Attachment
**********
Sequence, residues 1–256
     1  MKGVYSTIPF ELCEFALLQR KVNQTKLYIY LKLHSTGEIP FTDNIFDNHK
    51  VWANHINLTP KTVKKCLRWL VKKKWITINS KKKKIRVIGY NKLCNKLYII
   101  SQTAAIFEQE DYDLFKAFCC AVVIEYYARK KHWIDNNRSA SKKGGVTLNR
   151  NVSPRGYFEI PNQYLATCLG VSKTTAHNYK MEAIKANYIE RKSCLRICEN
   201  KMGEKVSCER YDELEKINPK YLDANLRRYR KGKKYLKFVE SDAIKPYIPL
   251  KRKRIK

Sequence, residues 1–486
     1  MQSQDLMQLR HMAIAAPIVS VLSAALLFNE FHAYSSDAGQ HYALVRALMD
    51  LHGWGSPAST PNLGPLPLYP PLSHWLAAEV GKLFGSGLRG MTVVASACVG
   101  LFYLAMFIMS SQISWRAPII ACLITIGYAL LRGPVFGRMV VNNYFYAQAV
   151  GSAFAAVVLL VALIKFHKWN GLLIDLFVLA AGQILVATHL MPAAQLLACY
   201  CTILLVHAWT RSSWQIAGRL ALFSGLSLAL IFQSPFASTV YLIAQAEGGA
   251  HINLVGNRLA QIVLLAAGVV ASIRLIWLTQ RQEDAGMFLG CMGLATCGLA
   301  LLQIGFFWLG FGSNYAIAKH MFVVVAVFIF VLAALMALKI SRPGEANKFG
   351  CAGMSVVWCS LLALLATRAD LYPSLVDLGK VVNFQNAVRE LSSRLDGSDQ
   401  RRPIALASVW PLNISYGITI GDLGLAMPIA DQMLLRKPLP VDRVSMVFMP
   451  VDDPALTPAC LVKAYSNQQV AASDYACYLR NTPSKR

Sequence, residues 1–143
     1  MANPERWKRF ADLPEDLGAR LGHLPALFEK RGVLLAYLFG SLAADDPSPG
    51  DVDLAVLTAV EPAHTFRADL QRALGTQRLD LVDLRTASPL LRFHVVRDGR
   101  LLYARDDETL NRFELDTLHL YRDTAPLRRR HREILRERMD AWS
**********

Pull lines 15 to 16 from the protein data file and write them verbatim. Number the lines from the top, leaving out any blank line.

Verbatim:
   301  LLQIGFFWLG FGSNYAIAKH MFVVVAVFIF VLAALMALKI SRPGEANKFG
   351  CAGMSVVWCS LLALLATRAD LYPSLVDLGK VVNFQNAVRE LSSRLDGSDQ